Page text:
Ujwal Thapa: From Web Designer to Change Maker.

Photo: Social Media

Prerana Timalsina,

In the decade of 2010, Nepal was entangled in continuous political tension and power play of the political parties as usual. Moreover, the country was heading towards the Constituent Assembly election. Injustice, corruption, discrimination, nepotism, dogmatic intolerance were to be faced in every step of every possible field. General strikes (Nepal Banda) were part of daily life. And who would be directly affected by these practices? The general public, of course, or the working group who relied on their daily wages for survival. From the midst of the chaotic mess, a ray of hope for Nepali rose with the concept of alternative politics. The glimmer of hope was none other than Ujwal Thapa. Ujwal stands for ‘bright’ in the Nepali language. As his name implies, Ujjwal brought a unique light to the old-aged political system of Nepal. Non-violent, peaceful, symbolic protests that are practiced today are undoubtedly the outcome of Thapa’s ‘Bibeksheel Nepali Movement.

While the political parties were pressurizing the government by organizing strikes and movements that would bring everyday life to a halt, Thapa came up with a new and creative idea of protesting peacefully with the slogan ‘Nepal Khulla cha ‘Nepal is open. He then gathered like-minded people who were also frustrated with the same old political game and willing to transform the country’s entire political system through youth energy and ideas and initiated the ‘Bibeksheel Nepali’ movement. The group grew every day. As a result, the faith of youths in politics was once again restored.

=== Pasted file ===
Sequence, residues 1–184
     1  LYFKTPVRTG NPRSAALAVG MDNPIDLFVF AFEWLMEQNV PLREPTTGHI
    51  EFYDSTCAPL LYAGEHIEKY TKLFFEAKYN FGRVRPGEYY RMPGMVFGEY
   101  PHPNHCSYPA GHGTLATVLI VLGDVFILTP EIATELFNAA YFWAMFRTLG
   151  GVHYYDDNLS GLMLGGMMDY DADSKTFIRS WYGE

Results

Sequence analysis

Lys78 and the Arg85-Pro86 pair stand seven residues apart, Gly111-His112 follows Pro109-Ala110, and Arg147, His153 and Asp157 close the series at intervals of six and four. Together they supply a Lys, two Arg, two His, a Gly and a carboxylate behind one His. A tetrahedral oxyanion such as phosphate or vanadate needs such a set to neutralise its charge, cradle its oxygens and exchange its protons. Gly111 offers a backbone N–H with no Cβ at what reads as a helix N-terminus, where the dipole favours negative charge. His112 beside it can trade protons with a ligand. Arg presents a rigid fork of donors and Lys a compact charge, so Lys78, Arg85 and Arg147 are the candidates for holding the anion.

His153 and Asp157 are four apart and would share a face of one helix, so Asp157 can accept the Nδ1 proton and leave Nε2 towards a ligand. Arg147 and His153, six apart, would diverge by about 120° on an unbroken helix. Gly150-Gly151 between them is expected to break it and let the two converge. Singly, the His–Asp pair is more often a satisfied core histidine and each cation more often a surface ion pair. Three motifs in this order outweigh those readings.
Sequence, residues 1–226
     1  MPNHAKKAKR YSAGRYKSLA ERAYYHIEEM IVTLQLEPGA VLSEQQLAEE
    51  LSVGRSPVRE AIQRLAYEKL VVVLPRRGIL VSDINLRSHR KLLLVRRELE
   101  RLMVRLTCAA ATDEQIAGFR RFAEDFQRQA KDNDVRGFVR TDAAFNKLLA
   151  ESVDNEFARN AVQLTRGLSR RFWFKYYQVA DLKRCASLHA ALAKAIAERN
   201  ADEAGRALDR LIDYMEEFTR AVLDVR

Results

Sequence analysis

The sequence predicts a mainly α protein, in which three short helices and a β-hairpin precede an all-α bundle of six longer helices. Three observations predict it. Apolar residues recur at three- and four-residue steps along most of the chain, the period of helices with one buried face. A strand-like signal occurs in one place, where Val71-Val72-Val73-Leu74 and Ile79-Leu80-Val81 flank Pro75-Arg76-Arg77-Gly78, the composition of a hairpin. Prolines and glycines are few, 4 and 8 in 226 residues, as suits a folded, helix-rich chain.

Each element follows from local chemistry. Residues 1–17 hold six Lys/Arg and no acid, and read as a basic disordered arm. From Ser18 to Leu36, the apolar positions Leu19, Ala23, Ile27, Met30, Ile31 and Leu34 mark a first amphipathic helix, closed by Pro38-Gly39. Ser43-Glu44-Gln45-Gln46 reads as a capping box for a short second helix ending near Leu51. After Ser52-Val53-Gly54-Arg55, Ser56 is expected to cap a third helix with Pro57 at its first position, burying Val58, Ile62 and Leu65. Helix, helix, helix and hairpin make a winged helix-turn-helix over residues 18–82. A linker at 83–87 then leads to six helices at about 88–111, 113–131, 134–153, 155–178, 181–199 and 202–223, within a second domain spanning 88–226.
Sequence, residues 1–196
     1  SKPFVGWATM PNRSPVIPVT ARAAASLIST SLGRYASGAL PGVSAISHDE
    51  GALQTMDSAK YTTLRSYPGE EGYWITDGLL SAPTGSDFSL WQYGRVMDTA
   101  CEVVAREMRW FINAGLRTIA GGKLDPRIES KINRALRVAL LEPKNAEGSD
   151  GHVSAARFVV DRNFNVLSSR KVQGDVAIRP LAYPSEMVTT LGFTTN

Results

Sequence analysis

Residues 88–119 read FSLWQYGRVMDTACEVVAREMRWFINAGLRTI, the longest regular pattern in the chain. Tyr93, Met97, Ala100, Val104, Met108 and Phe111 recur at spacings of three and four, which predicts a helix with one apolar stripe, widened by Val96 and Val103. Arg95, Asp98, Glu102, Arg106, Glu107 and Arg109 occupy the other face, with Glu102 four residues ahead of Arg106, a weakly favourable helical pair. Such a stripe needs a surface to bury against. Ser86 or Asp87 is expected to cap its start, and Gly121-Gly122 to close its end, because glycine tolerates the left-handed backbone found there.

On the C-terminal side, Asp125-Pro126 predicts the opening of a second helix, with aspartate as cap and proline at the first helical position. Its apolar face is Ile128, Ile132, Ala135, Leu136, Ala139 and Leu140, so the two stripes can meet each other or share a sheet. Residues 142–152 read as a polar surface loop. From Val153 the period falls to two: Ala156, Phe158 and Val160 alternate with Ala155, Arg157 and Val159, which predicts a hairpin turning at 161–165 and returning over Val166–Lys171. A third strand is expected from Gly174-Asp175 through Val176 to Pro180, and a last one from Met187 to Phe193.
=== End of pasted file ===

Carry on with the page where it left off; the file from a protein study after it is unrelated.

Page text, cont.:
But soon after Thapa’s Bibeksheel Nepali group launched various protests and movements, he realized babbling from the street, holding play cards with wise words are capable of bringing the general public to his support but aren’t enough to get the difference in the politics or change the political conduct of the country. This was when he decided to join mainstream politics and bring his dream of neat politics through the leadership of a ‘Bibeksheel’ Nepali (a wise Nepali or a Nepali with common sense) into proper shape. 

As a result, the Bibeksheel Nepali party was born, which later merged with the Sajha Party of Rabindra Mishra and unitedly formed ‘Sajha Bibeksheel Nepali.‘ Even though the political party couldn’t perform well on elections as expected or sometimes may have gotten quite distracted from its principles while swirling in the whirlpool of its own internal conflicts, we can’t deny the fact that Ujjwal Thapa was one shining star who brought a new wave in Nepali politics by reassuring the youths and reviving the long lost energy.